“I can’t say that I know much about the whole man-jewelry market,” I said.
Edgar Diaz laughed at my hesitance. “I get that a lot,” he said. “But some really manly men have picked up a cuff or two and wear it all the time.”
And here I am, about a month later, wearing mine all the time.
You can’t help but be drawn in to the style of a piece from Sight Line Provisions. The cuffs (that is the gender-neutral, acceptable to manly men term for bracelet) feature rugged leather, industrial rivets, and metallic outdoor images. The word artisanal comes to mind. More than that, the cuffs immediately take your mind to thoughts about fish, fishing, and nature.
Diaz, the artist and entrepreneur behind Sight Line, sees that as the purpose of his cuffs. “Sight Line is all about what you are looking at, or maybe even just what you are thinking about,” he says. The name for the company came about when he was taking a trip out west with his family. “Like so many of us, my kids were looking down at their screens when there was just so much amazing scenery going by. I started asking them ‘what is in your sight line’ incessantly; just to get them thinking about what they could be seeing. It became kind of a running joke, but it stuck. I like the idea of really focusing on what you’re thinking about or actually looking at.”
Where does a bracelet come in?
For years, Diaz has been creating and selling leather and metal jewelry. His growing love for fly fishing flowed over into that business, and Sight Line was born.
What sets Sight Line apart from so many fly fishing or outdoor lifestyle brands is the handmade, almost boutique nature of the products. What Diaz produces is all that is available. Limited runs are actually limited. He runs an online store, and supplies a growing number of retailers with a selection of his goods. “I really want to focus on quality, handmade products,” he says. With any modicum of success, the allure of expansion is present. But a significant shift in operations would really be counter-intuitive to the philosophy of the Sight Line brand.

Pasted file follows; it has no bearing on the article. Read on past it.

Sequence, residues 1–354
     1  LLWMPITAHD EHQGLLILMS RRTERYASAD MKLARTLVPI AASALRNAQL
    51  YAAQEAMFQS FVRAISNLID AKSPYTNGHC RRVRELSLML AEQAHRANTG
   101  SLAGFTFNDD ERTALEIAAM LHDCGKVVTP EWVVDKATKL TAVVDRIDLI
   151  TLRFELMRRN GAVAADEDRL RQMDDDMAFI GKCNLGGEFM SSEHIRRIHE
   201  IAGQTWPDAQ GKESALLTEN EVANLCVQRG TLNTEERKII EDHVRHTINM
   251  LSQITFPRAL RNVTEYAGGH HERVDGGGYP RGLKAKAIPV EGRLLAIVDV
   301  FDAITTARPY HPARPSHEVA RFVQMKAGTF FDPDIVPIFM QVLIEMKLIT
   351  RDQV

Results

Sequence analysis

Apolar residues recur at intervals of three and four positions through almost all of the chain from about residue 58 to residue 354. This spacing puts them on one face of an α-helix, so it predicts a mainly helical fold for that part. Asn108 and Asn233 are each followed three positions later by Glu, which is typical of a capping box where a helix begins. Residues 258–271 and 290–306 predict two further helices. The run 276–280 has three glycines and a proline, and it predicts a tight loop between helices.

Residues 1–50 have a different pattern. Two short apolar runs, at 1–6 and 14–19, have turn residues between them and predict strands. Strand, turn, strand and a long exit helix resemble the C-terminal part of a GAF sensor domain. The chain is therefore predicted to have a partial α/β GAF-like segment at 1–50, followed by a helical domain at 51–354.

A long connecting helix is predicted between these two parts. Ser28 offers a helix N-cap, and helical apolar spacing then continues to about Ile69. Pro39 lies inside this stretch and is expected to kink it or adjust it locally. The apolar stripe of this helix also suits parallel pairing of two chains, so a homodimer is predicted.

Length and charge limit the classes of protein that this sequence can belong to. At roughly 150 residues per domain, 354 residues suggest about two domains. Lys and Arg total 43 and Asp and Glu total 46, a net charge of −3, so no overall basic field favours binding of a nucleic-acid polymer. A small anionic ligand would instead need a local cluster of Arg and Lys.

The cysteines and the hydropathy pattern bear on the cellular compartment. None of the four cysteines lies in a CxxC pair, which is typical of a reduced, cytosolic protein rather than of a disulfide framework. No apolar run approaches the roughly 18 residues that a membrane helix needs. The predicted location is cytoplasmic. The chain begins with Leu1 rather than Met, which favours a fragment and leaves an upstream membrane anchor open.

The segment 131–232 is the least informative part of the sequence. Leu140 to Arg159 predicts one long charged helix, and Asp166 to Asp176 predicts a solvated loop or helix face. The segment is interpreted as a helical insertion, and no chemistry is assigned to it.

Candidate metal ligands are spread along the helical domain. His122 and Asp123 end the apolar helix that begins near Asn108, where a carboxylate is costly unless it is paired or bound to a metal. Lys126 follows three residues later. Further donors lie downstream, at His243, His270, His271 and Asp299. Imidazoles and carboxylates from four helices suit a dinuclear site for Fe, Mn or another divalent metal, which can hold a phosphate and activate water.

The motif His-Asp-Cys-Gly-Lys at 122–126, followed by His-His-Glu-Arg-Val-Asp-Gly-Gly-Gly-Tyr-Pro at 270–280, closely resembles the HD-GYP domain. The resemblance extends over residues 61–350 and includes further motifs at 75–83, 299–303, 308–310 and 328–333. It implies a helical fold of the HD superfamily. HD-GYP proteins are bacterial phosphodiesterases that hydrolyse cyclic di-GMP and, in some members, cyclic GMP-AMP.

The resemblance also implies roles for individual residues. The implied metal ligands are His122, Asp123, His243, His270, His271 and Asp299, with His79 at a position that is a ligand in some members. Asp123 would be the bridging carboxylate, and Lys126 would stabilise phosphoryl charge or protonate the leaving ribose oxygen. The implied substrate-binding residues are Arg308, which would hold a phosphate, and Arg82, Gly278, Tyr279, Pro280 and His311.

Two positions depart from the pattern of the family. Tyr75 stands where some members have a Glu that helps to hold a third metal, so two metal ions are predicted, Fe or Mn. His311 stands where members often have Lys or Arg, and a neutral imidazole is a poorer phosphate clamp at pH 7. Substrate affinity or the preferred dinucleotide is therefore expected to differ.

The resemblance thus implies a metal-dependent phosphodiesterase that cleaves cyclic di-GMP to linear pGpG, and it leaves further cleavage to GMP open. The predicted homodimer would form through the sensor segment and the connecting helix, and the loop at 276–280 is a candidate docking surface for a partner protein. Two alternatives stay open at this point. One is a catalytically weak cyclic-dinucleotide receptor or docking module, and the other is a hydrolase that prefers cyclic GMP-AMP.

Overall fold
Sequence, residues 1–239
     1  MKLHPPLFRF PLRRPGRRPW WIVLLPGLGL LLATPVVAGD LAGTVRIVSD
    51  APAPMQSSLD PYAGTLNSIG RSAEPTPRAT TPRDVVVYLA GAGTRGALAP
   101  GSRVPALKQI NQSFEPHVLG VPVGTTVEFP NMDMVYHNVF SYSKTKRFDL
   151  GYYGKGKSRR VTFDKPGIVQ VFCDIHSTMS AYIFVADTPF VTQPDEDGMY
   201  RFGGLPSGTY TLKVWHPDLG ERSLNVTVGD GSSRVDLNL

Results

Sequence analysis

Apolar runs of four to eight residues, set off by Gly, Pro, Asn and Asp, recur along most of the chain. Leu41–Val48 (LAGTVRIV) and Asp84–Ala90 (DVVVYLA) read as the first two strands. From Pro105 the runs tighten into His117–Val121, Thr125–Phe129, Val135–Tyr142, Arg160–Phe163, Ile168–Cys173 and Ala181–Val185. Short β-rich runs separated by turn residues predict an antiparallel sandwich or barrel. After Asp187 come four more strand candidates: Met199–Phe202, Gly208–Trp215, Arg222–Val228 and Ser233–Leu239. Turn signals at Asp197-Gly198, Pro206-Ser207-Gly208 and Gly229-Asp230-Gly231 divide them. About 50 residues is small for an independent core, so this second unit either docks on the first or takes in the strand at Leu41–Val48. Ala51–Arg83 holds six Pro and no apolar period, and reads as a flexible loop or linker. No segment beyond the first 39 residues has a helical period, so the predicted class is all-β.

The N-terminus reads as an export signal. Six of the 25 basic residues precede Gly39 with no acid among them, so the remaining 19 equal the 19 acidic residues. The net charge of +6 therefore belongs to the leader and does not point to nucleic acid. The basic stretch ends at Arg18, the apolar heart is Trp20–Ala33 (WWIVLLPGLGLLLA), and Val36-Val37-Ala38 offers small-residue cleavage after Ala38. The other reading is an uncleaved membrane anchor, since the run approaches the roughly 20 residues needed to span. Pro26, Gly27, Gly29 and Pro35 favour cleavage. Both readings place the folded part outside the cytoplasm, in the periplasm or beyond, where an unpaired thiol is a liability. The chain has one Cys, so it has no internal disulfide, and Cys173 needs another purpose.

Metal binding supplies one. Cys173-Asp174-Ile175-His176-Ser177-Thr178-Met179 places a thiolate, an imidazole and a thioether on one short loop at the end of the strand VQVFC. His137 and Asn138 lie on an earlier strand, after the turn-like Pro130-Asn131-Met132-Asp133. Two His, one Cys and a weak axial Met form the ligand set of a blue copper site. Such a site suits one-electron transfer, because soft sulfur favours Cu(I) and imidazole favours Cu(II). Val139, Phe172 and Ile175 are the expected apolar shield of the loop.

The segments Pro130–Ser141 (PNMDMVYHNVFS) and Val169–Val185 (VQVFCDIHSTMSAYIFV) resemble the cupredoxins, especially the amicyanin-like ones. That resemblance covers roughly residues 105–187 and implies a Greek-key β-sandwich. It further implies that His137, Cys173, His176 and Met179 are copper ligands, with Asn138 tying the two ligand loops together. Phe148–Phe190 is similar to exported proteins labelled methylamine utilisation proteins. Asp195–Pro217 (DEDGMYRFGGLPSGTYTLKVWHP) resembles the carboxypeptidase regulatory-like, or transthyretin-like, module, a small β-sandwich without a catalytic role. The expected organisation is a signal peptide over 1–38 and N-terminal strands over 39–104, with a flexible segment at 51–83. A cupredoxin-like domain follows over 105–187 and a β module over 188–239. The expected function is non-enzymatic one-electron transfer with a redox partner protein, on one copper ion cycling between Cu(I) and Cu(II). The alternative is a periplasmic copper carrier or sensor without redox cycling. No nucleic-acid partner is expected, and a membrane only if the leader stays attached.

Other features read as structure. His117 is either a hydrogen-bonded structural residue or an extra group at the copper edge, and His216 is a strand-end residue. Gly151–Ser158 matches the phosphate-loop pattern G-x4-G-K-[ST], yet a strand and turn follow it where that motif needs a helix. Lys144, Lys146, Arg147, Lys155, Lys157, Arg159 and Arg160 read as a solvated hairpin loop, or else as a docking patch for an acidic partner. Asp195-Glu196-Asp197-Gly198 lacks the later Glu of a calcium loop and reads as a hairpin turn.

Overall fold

Even though the fly fishing market is miniscule in the outdoor (and even within the fishing) space, there are countless examples of small-time companies making it big. Generally, this results in a change to production, operations, or even ownership. While trying to make a profit or provide to the largest consumer base possible is perfectly fine, there are some who will lament losing the personal touch of a mom-and-pop fly fishing establishment.
Whether it be fly rods, drift boats, or bracelets, the consumer has to make decisions. First is usually: What kind of product do I want? Then, the question may very well be: To what kind of company do I want to give my dollar?
The traditional powers in the fly fishing industry are taking notice that the vast majority of anglers, particularly those of the sub-40 age demographic, appreciate the artisanal offerings of smaller brands. Top-names have released marketing that touts handmade, created in the USA, and we’re just fly fishers – just like you references. The quality and personal nature of products like those of Sight Line, be they gear or apparel, has real appeal.
Diaz’ genuine humility makes the whole thing even more appealing. “Bottom line is that people like the look. Then, they are really impressed when they pick it up.” The cuffs, wallets, and beverage holsters that Sight Line produces are popping up all over social media. It all goes back to the passionate nature of fly fishers wanting a little bit of their sport, their pastime, the other part of their life infused into their everyday life.
Honestly, I wanted a picture of me cradling a big trout at the top of this article. I’d be wearing my Sight Line Provisions Trout 2.0, and there would be this cool image of my fish alongside the metal fish on the cuff. I even joked with Edgar that getting a cuff would give me an excuse to go fishing for photographic purposes. But even though I got out a few times nothing really worked out for that picture. Thinking about it this past week, I realized that wearing my cuff to work, to church, to dinners was just as legitimate. It was a conversation starter. I was able to talk about fly fishing to a remarkable number of people these past few days because of the cuff.
And intermittently looking down, I’d see it and think about fly fishing too. Having something cool and unique afforded me another way to literally keep my passion in my sight line. Even, as it turns out, when I am just sitting behind my keyboard.